Modem, an acronym for modulator/demodulator, is a device that allows one computer to "talk" with another one over a standard telephone line. Modems act as a kind of interpreter between a computer and the telephone line. Computers transmit digital data, expressed as electrical impulses, whereas telephones transmit voice frequencies as analog signals. To transmit digital data, the sending modem must first modulate, or encode, a computer's digital signal into an analog signal that can travel over the phone line. The receiving modem must then demodulate, or decode, the analog signal back into a digital signal recognizable to a computer. A modem transmits data in bits per second (bps), with the fastest modems transmitting at 56K (kilobits per second). An internal modem is housed within the computer itself, while an external modern is a separate device that is connected to the computer via a cable.
A variety of different rules, called protocols, govern the conversion of data to and from digital and analog. These protocols also govern error correction and data compression. Error correction is necessary to detect and correct data that may have become lost or garbled as the result of a poor telephone connection. Data compression speeds the data transfer by eliminating any redundant data sent between two modems, which the receiving modem then restores to its original form. Individual modems vary in the types of protocols they support, depending on such factors as manufacturer and age.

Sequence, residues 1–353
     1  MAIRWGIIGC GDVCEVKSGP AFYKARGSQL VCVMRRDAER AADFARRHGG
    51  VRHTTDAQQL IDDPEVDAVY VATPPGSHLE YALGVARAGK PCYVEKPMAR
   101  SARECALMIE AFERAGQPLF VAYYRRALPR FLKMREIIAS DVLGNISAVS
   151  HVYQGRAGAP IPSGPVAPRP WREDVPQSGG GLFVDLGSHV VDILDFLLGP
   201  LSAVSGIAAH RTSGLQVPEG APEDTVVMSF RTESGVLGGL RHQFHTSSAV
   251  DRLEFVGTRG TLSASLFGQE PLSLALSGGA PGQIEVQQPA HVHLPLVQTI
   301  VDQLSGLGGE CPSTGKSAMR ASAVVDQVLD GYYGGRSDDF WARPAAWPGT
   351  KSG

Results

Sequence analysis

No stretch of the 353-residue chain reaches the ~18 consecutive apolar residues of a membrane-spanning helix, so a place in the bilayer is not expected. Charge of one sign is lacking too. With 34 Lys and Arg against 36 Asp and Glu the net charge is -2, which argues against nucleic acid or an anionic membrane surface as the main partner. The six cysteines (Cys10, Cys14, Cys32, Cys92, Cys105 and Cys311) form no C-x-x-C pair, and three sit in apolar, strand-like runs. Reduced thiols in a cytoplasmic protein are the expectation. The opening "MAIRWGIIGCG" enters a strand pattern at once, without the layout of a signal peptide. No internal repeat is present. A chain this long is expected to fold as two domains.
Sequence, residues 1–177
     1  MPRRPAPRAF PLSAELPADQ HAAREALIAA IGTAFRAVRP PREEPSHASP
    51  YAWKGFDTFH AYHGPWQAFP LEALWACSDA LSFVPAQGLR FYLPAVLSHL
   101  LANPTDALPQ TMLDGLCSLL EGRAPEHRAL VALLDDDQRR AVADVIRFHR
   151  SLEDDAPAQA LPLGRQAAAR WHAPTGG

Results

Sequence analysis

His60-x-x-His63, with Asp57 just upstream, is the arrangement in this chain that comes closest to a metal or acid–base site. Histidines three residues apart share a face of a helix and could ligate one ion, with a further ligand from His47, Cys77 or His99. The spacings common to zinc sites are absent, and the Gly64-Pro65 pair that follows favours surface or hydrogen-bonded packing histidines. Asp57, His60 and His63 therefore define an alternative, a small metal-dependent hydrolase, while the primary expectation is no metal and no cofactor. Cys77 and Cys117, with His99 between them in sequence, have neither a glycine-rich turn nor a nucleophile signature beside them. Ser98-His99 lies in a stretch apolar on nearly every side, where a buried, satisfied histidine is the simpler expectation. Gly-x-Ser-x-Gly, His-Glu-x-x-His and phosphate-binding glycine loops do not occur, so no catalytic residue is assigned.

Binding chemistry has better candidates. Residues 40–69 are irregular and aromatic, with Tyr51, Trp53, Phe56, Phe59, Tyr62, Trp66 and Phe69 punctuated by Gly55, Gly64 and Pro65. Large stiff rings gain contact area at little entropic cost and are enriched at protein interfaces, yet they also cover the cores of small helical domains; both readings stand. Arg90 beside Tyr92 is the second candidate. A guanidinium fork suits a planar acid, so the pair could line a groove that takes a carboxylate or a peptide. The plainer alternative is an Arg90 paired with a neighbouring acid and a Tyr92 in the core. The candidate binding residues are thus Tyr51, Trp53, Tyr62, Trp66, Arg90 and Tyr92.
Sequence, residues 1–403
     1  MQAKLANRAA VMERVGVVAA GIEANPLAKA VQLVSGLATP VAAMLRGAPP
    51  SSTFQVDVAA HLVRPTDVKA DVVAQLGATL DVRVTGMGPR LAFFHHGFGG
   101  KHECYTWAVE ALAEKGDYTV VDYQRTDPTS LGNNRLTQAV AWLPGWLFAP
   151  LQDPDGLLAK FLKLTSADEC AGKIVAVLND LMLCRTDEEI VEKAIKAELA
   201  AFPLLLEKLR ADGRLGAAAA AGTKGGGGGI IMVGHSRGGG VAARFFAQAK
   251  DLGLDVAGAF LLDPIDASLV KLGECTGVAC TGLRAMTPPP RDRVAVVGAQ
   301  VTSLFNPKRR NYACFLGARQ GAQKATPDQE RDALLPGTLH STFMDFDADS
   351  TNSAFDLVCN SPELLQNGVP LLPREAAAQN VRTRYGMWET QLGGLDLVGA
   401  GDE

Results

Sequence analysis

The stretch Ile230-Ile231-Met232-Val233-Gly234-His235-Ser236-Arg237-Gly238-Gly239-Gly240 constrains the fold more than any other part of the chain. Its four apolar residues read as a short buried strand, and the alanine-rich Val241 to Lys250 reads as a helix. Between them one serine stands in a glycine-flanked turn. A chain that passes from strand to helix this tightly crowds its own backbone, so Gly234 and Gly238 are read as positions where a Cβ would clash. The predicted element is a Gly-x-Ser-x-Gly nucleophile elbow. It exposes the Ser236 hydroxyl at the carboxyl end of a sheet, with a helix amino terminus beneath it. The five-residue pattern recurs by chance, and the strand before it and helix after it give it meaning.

Communications software enables a modem to perform the many tasks necessary to complete a session of sending and receiving data. To initiate a modem session, the user issues the command appropriate to the software being used, and then the software takes over and begins the complicated process of opening the session, transferring the data, and closing the session.
To open the session, the software dials the receiving modem and waits for an answering signal from it. Once the two modems have established a connection, they engage in a process called "handshaking," wherein they exchange information about the types of protocols each uses, ultimately agreeing to use a set common to both. For example, if one modem supports a more recent set of protocols then does the other, the first modem will agree to use the earlier set so that each is sending data at the same rate, with error correction and data compression appropriate to those protocols. The handshaking process itself is governed by its own protocol.
In addition to transmitting and receiving data, the communications software may also automate other tasks for the user, such as dialing, answering, redialing, and logging onto an online service.
ALTERNATIVES TO THE TRADITIONAL MODEM
The functionality provided by a traditional dialup modem—the ability to send and receive information electronically—is also offered in other technologies that offer faster transmission speeds, although each is not without its disadvantages. Integrated Services Digital Network (ISDN), Asymmetric Digital Subscriber Lines (ADSL), and Digital Subscriber Lines (DSL) all use more capacity of the existing phone to provide services.